Does liberty always lead to best outcomes? If it doesn’t, does it justify curtailing it?
I have two questions:
#1 Do you think more liberty will always lead to better outcomes for the individual?
For example, in my country, every working person is forced to pay into a national retirement fund which will pay out a retirement to them at a certain age. I can imagine that there’s a lot of people who, in the absence of this, would screw their retirement money up and end up poor or homeless as old people.
So, do you think there are cases (maybe not this example, but something else) where less liberty will lead to better outcomes.
And when I say better outcomes, I mean better outcomes FOR THE INDIVIDUAL whose liberty is being curtailed, not for society as a whole.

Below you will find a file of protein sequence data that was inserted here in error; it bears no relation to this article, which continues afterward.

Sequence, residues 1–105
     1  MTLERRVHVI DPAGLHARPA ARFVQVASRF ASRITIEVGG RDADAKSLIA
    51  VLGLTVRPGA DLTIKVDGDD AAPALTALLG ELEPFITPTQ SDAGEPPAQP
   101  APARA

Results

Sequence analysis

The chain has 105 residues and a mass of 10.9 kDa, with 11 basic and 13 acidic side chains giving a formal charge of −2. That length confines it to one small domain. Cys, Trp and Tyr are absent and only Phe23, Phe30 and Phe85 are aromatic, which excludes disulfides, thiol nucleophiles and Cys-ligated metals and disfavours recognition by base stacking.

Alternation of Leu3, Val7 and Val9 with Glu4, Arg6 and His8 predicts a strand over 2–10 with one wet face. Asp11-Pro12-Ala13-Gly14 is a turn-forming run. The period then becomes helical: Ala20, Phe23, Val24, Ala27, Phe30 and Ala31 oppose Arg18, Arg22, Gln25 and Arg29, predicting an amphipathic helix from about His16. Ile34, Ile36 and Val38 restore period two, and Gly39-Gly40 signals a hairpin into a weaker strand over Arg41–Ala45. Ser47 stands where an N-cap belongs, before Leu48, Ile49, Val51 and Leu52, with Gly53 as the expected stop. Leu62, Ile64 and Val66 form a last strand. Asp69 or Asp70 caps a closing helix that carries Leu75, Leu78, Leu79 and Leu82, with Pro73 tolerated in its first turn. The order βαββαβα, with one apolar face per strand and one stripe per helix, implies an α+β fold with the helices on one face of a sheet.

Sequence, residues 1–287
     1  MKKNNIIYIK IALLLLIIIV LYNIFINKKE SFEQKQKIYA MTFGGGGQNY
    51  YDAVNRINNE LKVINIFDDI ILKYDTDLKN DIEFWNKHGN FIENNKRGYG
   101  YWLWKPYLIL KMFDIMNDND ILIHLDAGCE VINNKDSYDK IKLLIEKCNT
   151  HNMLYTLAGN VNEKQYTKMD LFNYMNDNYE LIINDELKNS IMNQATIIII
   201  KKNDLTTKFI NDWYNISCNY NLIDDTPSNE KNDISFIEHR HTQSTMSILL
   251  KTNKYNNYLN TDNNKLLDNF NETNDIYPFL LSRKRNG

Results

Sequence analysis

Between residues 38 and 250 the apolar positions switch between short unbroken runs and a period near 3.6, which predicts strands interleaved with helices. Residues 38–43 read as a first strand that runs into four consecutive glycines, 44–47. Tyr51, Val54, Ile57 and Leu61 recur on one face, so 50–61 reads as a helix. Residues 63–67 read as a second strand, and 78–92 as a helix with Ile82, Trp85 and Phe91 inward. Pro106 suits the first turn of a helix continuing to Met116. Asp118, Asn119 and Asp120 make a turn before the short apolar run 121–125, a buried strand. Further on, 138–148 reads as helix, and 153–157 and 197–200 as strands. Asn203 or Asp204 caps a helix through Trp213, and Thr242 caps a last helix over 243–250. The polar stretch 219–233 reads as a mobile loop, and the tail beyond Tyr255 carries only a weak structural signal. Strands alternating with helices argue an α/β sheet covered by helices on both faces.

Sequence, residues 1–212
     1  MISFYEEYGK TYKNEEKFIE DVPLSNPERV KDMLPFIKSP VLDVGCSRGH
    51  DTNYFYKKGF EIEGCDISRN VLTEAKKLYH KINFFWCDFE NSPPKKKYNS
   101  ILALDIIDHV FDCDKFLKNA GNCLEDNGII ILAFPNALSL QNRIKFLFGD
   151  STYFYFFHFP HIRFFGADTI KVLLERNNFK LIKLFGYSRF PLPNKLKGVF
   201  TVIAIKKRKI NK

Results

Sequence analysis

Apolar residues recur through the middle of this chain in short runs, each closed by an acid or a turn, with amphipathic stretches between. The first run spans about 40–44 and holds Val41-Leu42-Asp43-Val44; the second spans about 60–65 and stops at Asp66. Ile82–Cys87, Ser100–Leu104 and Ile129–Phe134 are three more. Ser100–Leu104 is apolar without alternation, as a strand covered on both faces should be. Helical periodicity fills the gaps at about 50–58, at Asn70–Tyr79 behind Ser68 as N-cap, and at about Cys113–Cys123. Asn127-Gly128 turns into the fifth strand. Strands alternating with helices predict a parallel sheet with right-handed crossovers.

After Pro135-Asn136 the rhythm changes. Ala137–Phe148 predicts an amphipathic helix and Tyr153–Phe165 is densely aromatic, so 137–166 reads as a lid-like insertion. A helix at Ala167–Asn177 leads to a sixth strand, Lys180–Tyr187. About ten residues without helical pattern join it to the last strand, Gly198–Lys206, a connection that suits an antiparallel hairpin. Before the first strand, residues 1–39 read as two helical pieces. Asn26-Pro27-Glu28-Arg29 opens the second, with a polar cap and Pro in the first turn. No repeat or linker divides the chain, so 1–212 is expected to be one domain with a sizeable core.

#2 Assuming there ARE cases where less liberty leads to better outcomes FOR THE INDIVIDUAL (again, not society), does that justify curtailing liberty?
This is a thought experiment, so let’s take it as a given that we knew that if we reduced a person’s liberty in some way it would lead to superior outcomes for that person (judged by that person), would you say it is then morally justified to reduce that person’s liberty OR would you maybe say it is then even a moral imperative to reduce that person’s liberty?
Article from r/Libertarian: For a Free Society